School board members and teachers discussed various ways to make a district sick-day buyback program work better, but the discussion quickly led to broader issues about policy and compensation.
At its September meeting, the Teton County School District No. 1 Board of Trustees approved on first reading a change that would increase the number of sick days teachers need to bank before they can make use of the popular buyback program. The policy pays teachers half their daily rate for any sick leave accrued and unused above 50 days.
The change would increase the number to 60, aligning it with the 12 weeks mandated by the Family and Medical Leave Act. The policy changes are up for a second reading at the board’s Nov. 13 meeting. If approved, they will become district policy.
The program’s intent is to incentivize teachers to be in the classroom and not use sick days, if possible. But with 3,500 sick days used in the 2018-19 school year, district administrators say the buyback has not worked.
Teachers fear changes to the program will disproportionately affect veteran educators who have banked sick days for years.
“By eliminating this buyback the board is effectively choosing to punish those employees who have shown up day in and day out,” teacher Jeff Stines wrote in a letter to the board, “because of allegations that some employees use their sick days inappropriately.”
Stines is a representative of the Teton County Education Association, which advocates for area teachers. He has been in discussions with the superintendent’s advisory committee about the buyback and the desire to have teachers in their classrooms more.
At Wednesday’s meeting, Superintendent Gillian Chapman presented the board with three options the advisory council devised. The first was the bump to 60 days with no other change to the buyback program.
Though not all trustees voiced opinions on the individual options, Trustee Janine Teske said the simple increase wouldn’t have the desired effect. Wholesale change is needed to better incentivize teachers to be in the classroom, she said, and that plan doesn’t go far enough.
“Option 1 is a nonstarter for me,” she said. “That’s not the right answer.”
The second option included a four-day student week. The bulk of absences are on Fridays, Chapman said, so giving teachers a planning and training day at the end of the week would result in “anticipated improvements in employee and student attendance Monday through Thursday.”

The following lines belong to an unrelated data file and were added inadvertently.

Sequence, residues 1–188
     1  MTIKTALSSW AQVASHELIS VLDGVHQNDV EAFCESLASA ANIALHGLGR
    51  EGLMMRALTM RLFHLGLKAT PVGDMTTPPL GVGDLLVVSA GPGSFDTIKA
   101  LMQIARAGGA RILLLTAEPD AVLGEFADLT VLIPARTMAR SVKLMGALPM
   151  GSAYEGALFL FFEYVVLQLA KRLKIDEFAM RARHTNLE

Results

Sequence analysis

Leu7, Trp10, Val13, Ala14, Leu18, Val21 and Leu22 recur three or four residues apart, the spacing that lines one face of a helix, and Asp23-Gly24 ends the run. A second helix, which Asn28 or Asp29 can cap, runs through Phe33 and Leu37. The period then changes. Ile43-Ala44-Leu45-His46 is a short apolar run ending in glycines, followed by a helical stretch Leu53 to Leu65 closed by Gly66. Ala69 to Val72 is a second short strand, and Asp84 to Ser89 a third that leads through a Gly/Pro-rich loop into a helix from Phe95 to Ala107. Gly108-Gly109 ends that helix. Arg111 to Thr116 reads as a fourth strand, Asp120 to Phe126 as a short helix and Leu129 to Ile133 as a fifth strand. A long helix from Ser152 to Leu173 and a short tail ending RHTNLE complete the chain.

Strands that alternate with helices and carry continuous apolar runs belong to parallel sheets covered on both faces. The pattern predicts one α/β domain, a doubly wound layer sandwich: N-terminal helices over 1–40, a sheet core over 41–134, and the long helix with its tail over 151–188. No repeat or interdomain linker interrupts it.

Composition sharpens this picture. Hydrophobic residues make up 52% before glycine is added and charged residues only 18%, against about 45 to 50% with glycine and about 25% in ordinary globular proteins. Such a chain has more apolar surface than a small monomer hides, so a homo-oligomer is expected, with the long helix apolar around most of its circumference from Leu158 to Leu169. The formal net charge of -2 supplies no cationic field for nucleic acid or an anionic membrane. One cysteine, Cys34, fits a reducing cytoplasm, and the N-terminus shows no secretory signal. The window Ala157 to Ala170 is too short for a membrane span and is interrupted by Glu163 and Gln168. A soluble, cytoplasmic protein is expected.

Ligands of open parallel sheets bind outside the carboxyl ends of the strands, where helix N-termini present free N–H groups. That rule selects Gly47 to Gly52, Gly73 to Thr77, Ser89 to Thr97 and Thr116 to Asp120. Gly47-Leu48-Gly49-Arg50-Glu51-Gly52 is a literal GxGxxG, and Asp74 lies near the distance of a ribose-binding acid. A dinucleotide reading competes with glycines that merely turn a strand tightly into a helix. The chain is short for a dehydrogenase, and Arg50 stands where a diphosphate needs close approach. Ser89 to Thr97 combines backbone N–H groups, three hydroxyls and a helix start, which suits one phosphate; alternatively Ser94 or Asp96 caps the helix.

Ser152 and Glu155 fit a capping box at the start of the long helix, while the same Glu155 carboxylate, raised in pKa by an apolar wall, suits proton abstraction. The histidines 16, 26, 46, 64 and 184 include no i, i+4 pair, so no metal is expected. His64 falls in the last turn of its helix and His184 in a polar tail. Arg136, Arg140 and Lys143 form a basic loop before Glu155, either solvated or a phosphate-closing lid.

An early release on Fridays was also mulled, as was giving teachers one Friday off per month under the four-day student week.
Unlike the bump to 60 days, the four-day student week would require lots of research, some sort of Friday programming for students and other considerations.
“We could try it out and see how it works,” Chapman told the board, “but in talking with other districts, they’ve said it’s hard to go back to a five-day week if you implement it because everyone likes it so much.”
The third option offered teachers a spate of buybacks. One proposal allowed teachers to use accrued days to pay for wellness programs like yoga or a gym membership. In another, teachers could bank unlimited days to be paid out at retirement instead of yearly.
Chapman said the advisory council had already spent 12 hours discussing the program and, more broadly, how to keep teachers in their classrooms. It has another meeting planned for Oct. 23 before trustees’ second reading.
Beyond the intricacies of the buyback program, some trustees took issue with having teacher benefits codified in district policy in the first place.
“It doesn’t make sense to me to have things that are in the purview of the compensation plan in policy,” Trustee Annie Band said.
She said that having compensation and benefits in policy meant that the board couldn’t be nimble in making changes.
Policy changes require two readings with at least 45 days between them to allow for public comment.
Needing to go through such a process makes it difficult for the board to make changes in a “timely fashion,” she said.
“We are one of the few districts that has compensation stuff in policy,” Teske said.
Trustee Alan Brumstead, a former teacher, voiced the concerns educators might have if compensation and benefits were removed from district policies. He said concretizing compensation specifics in policy gives teachers a sense of trust that their benefits won’t change dramatically without transparency.
“Part of it comes down to a feeling of security for staff,” he said.